Tuesday, February 12, 2013

MARDI GRAS WITH ALEX…


Alex packing for trip
 It’s a gray Mardi Gras day in Louisiana, and if revelers in New Orleans don’t get wet, they’ll be lucky because the sky is hanging so low that when the rain breaks through, it’s going to be a frog strangler and a root soaker.

My Mardi Gras celebration didn’t include a parade and catching beads – I "passed a good time," as they say in Cajun country, with my two-year old great grandson, Alex, who has to be the brightest kid on the block. As you’ll notice, above, Alex is packing. When told by Martin, his father, (my grandson) that he was going to Nana’s house (my daughter Stephanie aka “Neeny”), Alex, without any provocation, ran into his room, got out his overnight bag, and started packing three important items – Woody and Bud LightYear of Toy Story fame, and his sleeping partner, a lamb security blanket that he calls “Lovey.” Alex already knows where his bread is buttered, where he’ll receive sweet indulgence, major tolerance, unconditional love, and undying attention –I’m speaking of Nana’s house because, sadly, mine isn’t “kid proof.”

When Alex comes to my house, he already knows where the good stuff is; i.e., the electric train that we ran only once for him at Christmas. Yesterday, he ran into the hall, located the closet where the train is kept, and beckoned for me to follow him. “Train, please, Momow (aka Great Grandmere).” He fluttered those long eyelashes imploringly at me, but I had to tell him “no” because I want the train to survive until he understands that you don’t snatch cars from the train while it's whizzing around the track.
Alex and train

A few days ago, I read that children his age have a basic vocabulary of 25 words, and if the child can say 50 words and string a few of them together, he’s going to be a good communicator. His dad says he already speaks over 100 words, knows his colors, recognizes some of the alphabet, and, in general, shows “promise.”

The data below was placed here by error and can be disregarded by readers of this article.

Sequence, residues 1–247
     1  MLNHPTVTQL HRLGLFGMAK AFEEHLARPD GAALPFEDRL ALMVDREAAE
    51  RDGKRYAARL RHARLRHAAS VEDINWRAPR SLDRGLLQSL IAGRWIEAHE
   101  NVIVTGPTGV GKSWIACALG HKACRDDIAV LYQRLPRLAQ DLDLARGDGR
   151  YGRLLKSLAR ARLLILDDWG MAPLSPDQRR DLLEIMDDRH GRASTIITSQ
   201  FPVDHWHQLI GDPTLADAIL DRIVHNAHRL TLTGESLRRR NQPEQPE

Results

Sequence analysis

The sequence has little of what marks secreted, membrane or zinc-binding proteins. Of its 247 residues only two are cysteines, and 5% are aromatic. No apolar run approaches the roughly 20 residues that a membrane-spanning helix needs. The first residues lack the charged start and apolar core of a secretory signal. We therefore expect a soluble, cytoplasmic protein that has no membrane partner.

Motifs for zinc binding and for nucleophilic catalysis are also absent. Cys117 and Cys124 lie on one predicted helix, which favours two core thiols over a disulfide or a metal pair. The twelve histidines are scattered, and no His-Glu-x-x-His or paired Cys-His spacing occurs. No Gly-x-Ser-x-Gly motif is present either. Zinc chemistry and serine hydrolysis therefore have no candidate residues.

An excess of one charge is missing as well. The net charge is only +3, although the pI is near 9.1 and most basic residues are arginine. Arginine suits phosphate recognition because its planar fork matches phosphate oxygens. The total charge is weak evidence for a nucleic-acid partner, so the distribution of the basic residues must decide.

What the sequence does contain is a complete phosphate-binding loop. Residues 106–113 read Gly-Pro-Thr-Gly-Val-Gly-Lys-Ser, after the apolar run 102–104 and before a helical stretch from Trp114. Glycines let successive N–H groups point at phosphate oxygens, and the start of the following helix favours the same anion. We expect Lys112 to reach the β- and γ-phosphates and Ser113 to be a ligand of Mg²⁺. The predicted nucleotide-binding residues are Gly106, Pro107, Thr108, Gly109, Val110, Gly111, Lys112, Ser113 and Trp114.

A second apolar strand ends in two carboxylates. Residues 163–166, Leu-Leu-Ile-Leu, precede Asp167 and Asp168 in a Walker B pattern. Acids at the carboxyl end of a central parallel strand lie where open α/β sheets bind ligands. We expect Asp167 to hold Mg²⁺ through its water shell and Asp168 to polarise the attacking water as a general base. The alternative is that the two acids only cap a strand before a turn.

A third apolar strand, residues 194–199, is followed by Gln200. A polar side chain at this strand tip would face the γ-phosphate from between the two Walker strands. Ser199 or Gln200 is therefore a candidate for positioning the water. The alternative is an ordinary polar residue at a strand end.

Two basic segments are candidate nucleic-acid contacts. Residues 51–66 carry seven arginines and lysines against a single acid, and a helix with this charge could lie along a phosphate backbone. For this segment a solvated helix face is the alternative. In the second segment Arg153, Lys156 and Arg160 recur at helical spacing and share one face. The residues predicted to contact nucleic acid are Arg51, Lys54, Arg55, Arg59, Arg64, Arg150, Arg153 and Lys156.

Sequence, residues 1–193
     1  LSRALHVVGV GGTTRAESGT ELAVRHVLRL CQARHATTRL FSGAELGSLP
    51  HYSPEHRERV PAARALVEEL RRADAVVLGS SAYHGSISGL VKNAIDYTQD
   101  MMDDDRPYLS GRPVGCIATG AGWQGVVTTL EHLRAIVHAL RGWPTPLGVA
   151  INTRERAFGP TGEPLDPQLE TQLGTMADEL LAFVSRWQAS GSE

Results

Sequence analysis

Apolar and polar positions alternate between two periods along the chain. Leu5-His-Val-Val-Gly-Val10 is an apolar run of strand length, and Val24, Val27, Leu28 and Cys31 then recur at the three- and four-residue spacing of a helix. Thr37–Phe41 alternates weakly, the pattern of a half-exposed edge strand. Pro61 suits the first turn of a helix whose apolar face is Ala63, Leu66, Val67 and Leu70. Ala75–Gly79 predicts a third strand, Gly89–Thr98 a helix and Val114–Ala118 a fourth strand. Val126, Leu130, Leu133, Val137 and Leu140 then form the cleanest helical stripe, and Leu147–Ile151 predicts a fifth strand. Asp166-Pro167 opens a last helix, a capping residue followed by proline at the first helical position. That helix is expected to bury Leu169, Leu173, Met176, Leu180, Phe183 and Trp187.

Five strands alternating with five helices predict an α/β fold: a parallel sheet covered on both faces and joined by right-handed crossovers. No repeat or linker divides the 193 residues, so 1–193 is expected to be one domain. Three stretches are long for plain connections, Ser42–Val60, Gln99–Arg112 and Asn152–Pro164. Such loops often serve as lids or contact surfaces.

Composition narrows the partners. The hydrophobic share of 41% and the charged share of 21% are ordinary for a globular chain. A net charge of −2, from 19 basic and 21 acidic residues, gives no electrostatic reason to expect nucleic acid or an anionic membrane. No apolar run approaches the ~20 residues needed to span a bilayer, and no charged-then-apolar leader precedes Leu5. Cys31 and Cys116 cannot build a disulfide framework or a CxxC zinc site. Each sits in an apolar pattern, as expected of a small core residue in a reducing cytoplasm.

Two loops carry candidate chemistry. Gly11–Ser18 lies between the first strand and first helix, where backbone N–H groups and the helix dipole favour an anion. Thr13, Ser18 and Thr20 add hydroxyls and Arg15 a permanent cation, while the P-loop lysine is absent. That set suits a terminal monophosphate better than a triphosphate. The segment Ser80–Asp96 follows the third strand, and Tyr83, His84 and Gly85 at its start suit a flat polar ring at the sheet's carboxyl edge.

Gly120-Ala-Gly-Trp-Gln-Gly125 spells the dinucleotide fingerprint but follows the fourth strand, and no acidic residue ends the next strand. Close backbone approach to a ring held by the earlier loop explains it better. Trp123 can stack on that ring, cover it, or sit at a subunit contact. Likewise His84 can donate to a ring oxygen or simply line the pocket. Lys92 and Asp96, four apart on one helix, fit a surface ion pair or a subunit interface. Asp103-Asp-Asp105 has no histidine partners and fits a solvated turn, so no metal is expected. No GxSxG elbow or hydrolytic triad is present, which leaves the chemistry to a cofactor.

I have high hopes for Alex – hopes that someone in the family besides me will be a writer. I like to write, but the time is nearing for me to retire my pen and welcome a new scribbler. I tried reading Mother Goose to Alex, today but he is a boy. He was more interested in my wooden train (the only toy I have left in the house) and succeeded in removing a part from a freight car; however, he attempted to attach the roof to the engine that another grandchild had pulled off, each time saying dramatically, “Oh no!” and batting those eyelashes again. Maybe he’s going to be an actor So far, his skill with words is the feature that overwhelms us.

Overwhelms indeed! I remember when a librarian friend of mine told me, “Wait until you have grandchildren (and I’m past that). Fred and I used to watch television in the living room in the evenings. But since we’ve acquired grandchildren, when they come to visit, they get on the floor in the middle of the living room and all we do is sit and watch them.” She didn’t tell me how fascinating great-grandchildren would be.

Yes, children are mesmerizing, particularly when they learn to speak, which Alex has been working on for the past year. Here’s a poem from my chapbook, Post Cards From Diddy Wah Diddy that I wrote to commemorate those first sounds from Alex we thought were formed words:

ALEX TRIES TO TALK AT YEAR ONE

because we are eager for conversation,
quick to translate his babble.
We hear “want it” bubbling on his tongue
when a fragment of ice is thrust at him,
the inchoate language of what we think he says,
a sign he has moved from solitude
to expressing desire for something,
the gymnastic voice of an infant opera singer
lifted, applauded,
the secrets in his mind expressed at last.

Mardi Gras is over, and I can’t boast about catching strands of purple, gold, and silver beads , but thanks to my infant Mardi Gras king, I do have a cow figurine with a broken leg to show for the celebration – “Oh no!” 

P.S. I'm only kidding -- his father saved the cow from injury several times during the visit.

Photos by Daddy Martin

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